Knowing how to get your dog to listen to you is more than a convenience — it’s a safety measure. Should your dog escape or slip from its harness or collar, you need a reliable way to call your runaway back to you.
If your dog is chewing something it’s not supposed to — especially if the item could be dangerous to ingest — you need a way to get it to stop.
Training a dog that doesn’t listen is tough, but it’s usually more about what you have to know versus what the dog isn’t doing, or the problem is reflective of a possible underlying health issue.
How to train a dog that doesn’t listen
If your dog doesn’t listen, don’t worry — you’re facing a common problem. There are many reasons for this, but usually, a dog prefers another activity, like eating grass or sniffing.
Through positive reinforcement with treats, your job is to offer your dog a “better payday” than whatever it might be doing that you don’t want it to do.
Is your dog running around the house with your socks in its mouth? It probably just wants to play, and the only way to dissuade your dog might be with a better payoff, also known as a premium treat like a small piece of chicken.
If you consistently say something like “drop it” when this exchange happens, your dog will learn to leave the item (best for safety reasons in most cases), even when you don’t offer a bribe.
Additionally, some breeds are more prone to paying attention than others.
Hounds, for example, will want to run after prey, so if they see a rabbit or a squirrel, they’re going to do what they’re bred to do: chase.
When this kind of thing happens, your dog simply isn’t thinking on the same level as you — it’s all about instinct. Reinforcing body language and posture can help your dog respond appropriately. Be encouraging, not angry.
Understand why your dog doesn’t listen
Breed-specific behavior is all connected to what we call the dog’s interference threshold.
For example, getting your dog to sit quietly when you’re alone is more accessible than in the dog park, where other dogs are around. That only makes sense — your pup is distracted.
The best way to teach dogs what you want is to reward them consistently and in progressively more challenging situations. Start at home, work your way up to your backyard, then eventually to the dog park.
Just like people, angry or scared dogs act unpredictably. Suppose your dog lashes out on the leash or doesn’t listen in certain situations.
In that case, it’s time to engage a dog behavior specialist or expert dog trainer to tackle the problem more specifically. In other words, figure out what your dog is doing when it’s not listening, then call for help.
The young ones: My puppy isn’t listening to me
If your puppy doesn’t listen, you have some work to do. That’s because a puppy’s first instinct isn’t to learn voice commands but to interact with the world by nipping, exploring, smelling, and playing.
The easiest way to begin is to associate your puppy’s name with a tasty, tempting treat, as most dogs are incredibly food motivated.
After that, you can teach your little one to sit, stay, and come to you for a treat. Make sure you say its name kindly and provide affection, too.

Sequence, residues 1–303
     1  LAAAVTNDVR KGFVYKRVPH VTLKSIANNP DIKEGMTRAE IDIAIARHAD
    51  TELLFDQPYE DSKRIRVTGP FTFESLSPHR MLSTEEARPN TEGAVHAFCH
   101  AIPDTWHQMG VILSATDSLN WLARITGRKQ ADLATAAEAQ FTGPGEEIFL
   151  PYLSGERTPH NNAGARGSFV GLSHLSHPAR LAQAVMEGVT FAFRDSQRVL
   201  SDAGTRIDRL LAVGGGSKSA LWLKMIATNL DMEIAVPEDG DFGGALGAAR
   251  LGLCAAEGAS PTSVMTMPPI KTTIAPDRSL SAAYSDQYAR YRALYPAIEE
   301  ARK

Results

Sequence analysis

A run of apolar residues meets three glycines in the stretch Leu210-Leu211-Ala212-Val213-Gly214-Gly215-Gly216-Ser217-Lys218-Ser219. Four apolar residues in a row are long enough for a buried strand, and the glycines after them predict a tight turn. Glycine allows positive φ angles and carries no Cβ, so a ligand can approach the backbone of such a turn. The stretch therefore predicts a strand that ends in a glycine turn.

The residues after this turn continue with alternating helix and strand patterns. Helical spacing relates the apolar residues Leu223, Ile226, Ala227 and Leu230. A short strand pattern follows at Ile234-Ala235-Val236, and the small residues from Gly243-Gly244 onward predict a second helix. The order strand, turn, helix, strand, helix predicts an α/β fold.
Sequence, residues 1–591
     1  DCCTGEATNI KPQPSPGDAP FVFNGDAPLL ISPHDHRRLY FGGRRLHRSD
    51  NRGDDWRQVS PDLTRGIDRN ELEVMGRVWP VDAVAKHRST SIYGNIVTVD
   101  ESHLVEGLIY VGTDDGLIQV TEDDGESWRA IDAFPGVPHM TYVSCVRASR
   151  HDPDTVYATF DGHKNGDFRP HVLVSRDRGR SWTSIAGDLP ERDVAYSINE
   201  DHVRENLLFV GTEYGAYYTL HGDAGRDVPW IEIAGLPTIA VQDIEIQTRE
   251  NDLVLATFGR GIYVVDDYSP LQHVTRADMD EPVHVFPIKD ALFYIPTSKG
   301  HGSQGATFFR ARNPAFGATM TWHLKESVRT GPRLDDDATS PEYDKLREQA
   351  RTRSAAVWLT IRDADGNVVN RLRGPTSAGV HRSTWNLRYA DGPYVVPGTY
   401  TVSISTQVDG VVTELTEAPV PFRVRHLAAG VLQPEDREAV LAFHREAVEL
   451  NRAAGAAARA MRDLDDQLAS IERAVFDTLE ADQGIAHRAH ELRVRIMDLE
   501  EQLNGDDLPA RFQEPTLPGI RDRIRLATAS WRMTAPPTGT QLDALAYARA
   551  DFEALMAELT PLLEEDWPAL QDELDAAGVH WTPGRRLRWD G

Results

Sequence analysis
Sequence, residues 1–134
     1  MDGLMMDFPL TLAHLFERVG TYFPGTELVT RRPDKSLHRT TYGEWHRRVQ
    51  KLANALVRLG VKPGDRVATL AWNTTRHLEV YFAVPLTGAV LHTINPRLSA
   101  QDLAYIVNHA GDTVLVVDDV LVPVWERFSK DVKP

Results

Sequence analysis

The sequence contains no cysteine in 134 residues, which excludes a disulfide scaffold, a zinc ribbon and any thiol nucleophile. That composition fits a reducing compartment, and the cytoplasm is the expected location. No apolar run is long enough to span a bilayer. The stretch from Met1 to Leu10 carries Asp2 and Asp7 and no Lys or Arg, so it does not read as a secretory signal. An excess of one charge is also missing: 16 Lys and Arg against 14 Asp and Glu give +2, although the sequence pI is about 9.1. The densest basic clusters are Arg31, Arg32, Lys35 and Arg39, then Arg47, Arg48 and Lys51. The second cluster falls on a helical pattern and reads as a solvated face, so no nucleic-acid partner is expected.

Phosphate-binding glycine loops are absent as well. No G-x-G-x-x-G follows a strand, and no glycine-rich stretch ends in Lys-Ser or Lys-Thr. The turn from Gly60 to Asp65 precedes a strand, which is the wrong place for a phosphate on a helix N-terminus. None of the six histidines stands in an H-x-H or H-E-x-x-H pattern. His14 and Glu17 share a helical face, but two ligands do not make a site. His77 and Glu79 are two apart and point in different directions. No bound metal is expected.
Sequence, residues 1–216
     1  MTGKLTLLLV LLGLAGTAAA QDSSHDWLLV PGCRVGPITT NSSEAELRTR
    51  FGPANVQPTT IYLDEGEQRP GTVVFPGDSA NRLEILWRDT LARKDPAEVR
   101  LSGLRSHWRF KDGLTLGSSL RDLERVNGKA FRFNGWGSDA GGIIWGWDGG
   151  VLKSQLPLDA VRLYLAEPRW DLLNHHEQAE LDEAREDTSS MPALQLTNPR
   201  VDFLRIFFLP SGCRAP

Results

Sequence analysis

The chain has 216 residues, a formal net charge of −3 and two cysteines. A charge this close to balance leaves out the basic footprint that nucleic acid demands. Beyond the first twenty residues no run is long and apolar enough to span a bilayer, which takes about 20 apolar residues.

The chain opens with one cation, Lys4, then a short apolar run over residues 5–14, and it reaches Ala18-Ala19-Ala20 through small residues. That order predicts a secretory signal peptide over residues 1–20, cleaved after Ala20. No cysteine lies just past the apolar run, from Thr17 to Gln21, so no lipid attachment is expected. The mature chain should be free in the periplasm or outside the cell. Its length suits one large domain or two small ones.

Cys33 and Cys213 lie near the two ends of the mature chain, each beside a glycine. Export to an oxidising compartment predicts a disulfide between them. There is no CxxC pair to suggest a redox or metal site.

Generally, “Fido, come!” should be enough to get your puppy to listen and come to you when it isn’t preoccupied with something else.
But it’s another story about chewing on your shoes or running away. That’s why getting your dog to listen with recall training is crucial at a young age.
A standard puppy training class with a private, positive-reinforcement-minded trainer or at your local pet store is the way to go here. Working with a trainer is crucial. Some new dog owners struggle when they discover my dog doesn’t listen to me but listens to others.
Don’t worry, that’s natural. Dogs, like people, go through phases and if your dog is in a toddler or teenager phase, getting them to listen and pay attention is challenging.
A puppy or beginner class will teach you what you need to know to get your dog to listen. Come armed with treats, patience, and a willingness to bond with your dog during training.
What to do if your older dog doesn’t listen
Particularly in older dogs, you’ll want to ensure your dog isn’t experiencing any pain or confusion. Just like in people, health issues can increase with age.
If your older dog isn’t listening and isn’t eating as much, limps, or acts confused, it’s best to head straight to the veterinarian: There may be a health issue.
In this case, your dog may have trouble focusing because of a medical problem. On the other hand, they might be exhausted and want to be left alone. After all, older dogs can sleep up to 20 hours per day.
Signs of deafness in dogs
As in humans, deafness and partial hearing loss can occur at any age in a dog. However, senior dogs are more prone to hearing loss (and blindness).
If a dog starts to disobey, doesn’t come when called, or seems confused and barks too often, this could be a sign that your dog is losing its hearing.
If your dog is hard to wake up, it could be another sign that its hearing is gone. Speak to your veterinarian about a hearing test, as health is a convenient reason you can’t get your dog to listen.
Bottom line: How to get your dog to listen
Getting your dog to listen requires patience, regular training, and a consistent routine.
By using the correct body language, projecting calm and encouraging energy, and leading with kindness (and a little food bribery), you can get your dog to listen when you call.
Remember: If you put your dog in a crate or otherwise punish it whenever you call it away from doing something you don’t want it to do, your dog has no incentive to listen.
Avoid training your dog if you’re in a bad mood or don’t have the patience.
Instead, make training a positive experience with food rewards so you have a greater chance of getting your dog to listen every time.